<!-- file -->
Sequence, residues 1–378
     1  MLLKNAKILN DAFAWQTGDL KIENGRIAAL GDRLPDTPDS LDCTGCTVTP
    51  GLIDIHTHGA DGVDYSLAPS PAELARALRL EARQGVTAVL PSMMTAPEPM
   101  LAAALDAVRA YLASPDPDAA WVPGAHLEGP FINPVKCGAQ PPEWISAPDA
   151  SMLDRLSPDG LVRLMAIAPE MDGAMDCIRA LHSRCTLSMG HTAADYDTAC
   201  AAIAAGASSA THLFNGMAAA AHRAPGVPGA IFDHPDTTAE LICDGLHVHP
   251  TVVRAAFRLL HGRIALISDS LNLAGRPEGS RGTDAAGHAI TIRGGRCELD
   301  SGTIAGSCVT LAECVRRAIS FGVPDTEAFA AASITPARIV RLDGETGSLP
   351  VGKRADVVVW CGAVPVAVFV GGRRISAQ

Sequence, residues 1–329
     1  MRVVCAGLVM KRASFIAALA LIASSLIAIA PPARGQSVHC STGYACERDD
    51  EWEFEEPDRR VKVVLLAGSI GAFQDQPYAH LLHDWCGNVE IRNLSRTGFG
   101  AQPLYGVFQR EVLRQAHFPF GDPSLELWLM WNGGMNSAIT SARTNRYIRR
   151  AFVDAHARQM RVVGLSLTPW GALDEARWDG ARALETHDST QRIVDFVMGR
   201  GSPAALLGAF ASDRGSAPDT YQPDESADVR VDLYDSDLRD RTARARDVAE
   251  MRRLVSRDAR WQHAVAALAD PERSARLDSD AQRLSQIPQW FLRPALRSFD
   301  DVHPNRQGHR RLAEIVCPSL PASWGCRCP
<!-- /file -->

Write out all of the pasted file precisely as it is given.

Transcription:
Sequence, residues 1–378
     1  MLLKNAKILN DAFAWQTGDL KIENGRIAAL GDRLPDTPDS LDCTGCTVTP
    51  GLIDIHTHGA DGVDYSLAPS PAELARALRL EARQGVTAVL PSMMTAPEPM
   101  LAAALDAVRA YLASPDPDAA WVPGAHLEGP FINPVKCGAQ PPEWISAPDA
   151  SMLDRLSPDG LVRLMAIAPE MDGAMDCIRA LHSRCTLSMG HTAADYDTAC
   201  AAIAAGASSA THLFNGMAAA AHRAPGVPGA IFDHPDTTAE LICDGLHVHP
   251  TVVRAAFRLL HGRIALISDS LNLAGRPEGS RGTDAAGHAI TIRGGRCELD
   301  SGTIAGSCVT LAECVRRAIS FGVPDTEAFA AASITPARIV RLDGETGSLP
   351  VGKRADVVVW CGAVPVAVFV GGRRISAQ

Sequence, residues 1–329
     1  MRVVCAGLVM KRASFIAALA LIASSLIAIA PPARGQSVHC STGYACERDD
    51  EWEFEEPDRR VKVVLLAGSI GAFQDQPYAH LLHDWCGNVE IRNLSRTGFG
   101  AQPLYGVFQR EVLRQAHFPF GDPSLELWLM WNGGMNSAIT SARTNRYIRR
   151  AFVDAHARQM RVVGLSLTPW GALDEARWDG ARALETHDST QRIVDFVMGR
   201  GSPAALLGAF ASDRGSAPDT YQPDESADVR VDLYDSDLRD RTARARDVAE
   251  MRRLVSRDAR WQHAVAALAD PERSARLDSD AQRLSQIPQW FLRPALRSFD
   301  DVHPNRQGHR RLAEIVCPSL PASWGCRCP